Prior to the historical emergence of madrasas, advanced study in the religious sciences was already taking place, but it does not appear to have been systematized and standardized to the degree that it would be after the rise of the madrasa. The setting in which advanced study had earlier taken place was the informal study circle or halqa (pl., halaq). Study circles were organized in homes, mosques, or shops under the auspices of a master scholar (shaykh). By the eighth and ninth centuries, the growing complexity of religious knowledge, especially that associated with the legal schools (madhahib) coming into being at this time, meant that advanced learning required more prolonged periods of study (Berkey 1992, 7; Makdisi 1981). In these changed circumstances, mosques specializing in advanced study built hostels for resident students. The tenth-century madrasa took this innovation one step further, providing classrooms, dormitories, and wash rooms for students, all of whom in this early period were male.
Eventually, the typical madrasa came to include instructional rooms; residences for the founder, teachers, and students; and a mosque, which was used for study as well as worship. Many complexes also had mausoleums, where the school's founder and his relatives were entombed (Hillenbrand 1986, 1,139). Not unlike cults of sainthood in Western Christianity (Brown 1981), these burial complexes became the object of religious pilgrimage (ziyarah) by Muslims convinced that the founder could intercede with God and serve as a channel for divine grace (baraka; see Taylor 1999, 127-67). In modern times, Muslim reformists have prohibited venerational practices of this sort, and madrasas of reformist disposition dispense with the tomb complex entirely (see e.g., Metcalf 1982, 157).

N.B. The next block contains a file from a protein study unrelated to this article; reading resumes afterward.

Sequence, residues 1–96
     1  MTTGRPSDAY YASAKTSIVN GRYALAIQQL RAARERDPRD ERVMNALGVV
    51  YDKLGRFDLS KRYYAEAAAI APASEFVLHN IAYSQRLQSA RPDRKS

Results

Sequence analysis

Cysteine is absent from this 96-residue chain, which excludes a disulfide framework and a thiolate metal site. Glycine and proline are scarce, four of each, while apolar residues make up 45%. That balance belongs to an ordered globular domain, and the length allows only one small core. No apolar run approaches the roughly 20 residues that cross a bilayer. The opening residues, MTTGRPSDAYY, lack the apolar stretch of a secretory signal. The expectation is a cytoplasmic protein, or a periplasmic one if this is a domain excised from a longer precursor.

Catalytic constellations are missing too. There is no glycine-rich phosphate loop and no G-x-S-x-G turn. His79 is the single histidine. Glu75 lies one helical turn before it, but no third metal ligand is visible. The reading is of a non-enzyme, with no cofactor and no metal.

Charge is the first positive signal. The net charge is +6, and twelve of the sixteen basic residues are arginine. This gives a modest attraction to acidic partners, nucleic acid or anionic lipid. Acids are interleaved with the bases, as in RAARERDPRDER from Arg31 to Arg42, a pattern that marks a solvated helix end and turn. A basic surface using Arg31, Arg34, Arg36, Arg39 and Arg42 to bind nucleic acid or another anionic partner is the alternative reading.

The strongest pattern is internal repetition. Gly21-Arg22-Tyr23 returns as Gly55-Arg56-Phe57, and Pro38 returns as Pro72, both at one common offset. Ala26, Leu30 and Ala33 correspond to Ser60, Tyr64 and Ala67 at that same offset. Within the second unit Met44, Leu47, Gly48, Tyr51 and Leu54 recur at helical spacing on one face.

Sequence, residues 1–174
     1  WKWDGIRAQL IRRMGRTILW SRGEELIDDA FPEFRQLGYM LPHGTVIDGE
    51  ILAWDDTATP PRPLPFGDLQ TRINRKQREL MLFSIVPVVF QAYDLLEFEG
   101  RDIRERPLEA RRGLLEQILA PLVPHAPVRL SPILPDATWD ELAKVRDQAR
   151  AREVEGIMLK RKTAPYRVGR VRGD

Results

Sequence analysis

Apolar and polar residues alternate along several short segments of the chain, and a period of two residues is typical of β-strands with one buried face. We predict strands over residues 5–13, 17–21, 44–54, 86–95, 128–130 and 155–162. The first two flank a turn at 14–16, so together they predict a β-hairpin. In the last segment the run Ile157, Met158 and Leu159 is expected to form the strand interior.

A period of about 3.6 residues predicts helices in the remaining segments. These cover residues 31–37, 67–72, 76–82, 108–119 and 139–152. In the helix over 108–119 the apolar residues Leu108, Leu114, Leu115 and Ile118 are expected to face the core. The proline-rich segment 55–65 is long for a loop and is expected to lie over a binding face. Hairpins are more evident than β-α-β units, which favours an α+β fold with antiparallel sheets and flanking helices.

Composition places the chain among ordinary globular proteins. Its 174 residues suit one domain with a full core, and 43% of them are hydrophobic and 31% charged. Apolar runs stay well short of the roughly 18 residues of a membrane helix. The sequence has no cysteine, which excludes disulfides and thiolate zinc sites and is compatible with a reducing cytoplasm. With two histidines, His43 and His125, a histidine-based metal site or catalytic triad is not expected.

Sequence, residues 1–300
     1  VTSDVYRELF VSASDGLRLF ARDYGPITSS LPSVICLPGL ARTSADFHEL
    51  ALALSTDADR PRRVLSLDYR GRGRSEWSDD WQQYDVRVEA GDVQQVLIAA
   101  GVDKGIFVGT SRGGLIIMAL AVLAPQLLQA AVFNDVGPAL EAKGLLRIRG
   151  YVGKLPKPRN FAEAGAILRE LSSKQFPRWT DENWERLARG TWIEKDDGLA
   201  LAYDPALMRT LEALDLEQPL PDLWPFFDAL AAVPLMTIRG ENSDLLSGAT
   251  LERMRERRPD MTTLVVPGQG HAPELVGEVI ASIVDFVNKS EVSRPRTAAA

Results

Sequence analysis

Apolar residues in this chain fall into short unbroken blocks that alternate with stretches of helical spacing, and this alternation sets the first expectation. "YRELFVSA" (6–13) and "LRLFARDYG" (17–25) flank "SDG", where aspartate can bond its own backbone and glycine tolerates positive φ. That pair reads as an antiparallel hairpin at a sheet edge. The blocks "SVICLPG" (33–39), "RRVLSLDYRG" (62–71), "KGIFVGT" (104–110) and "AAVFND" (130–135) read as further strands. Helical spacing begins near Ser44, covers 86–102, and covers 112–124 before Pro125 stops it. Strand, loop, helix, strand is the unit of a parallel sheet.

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A Note on Transliteration and Spelling ix
CHAPTER 1: Introduction: The Culture, Politics, and Future of Muslim Education by Robert W. Hefner 1
CHAPTER 2: Madrasas Medieval and Modern: Politics, Education, and the Problem of Muslim Identity by Jonathan P. Berkey 40
CHAPTER 3: Tradition and Authority in Deobandi Madrasas of South Asia by Muhammad Qasim Zaman 61
CHAPTER 4: Madrasas and Minorities in Secular India by Barbara Metcalf 87
CHAPTER 5: The "Recentering" of Religious Knowledge and Discourse: The Case of al-Azhar in Twentieth-Century Egypt by Malika Zeghal 107
CHAPTER 6: Madrasas in Morocco: Their Vanishing Public Role by Dale F. Eickelman 131
CHAPTER 7: Islam and Education in Secular Turkey: State Policies and the Emergence of the Fethullah Gülen Group by Bekim Agai 149
CHAPTER 8: Pesantren and Madrasa: Muslim Schools and National Ideals in Indonesia by Azyumardi Azra, Dina Afrianty, and Robert W. Hefner 172
CHAPTER 9: The Transformation of Muslim Schooling in Mali: The Madrasa as an Institution of Social and Religious Mediation by Louis Brenner 199
CHAPTER 10: Islamic Education in Britain: Approaches to Religious Knowledge in a Pluralistic Society by Peter Mandaville 224
CHAPTER 11: Epilogue: Competing Conceptions of Religious Education by Muhammad Qasim Zaman 242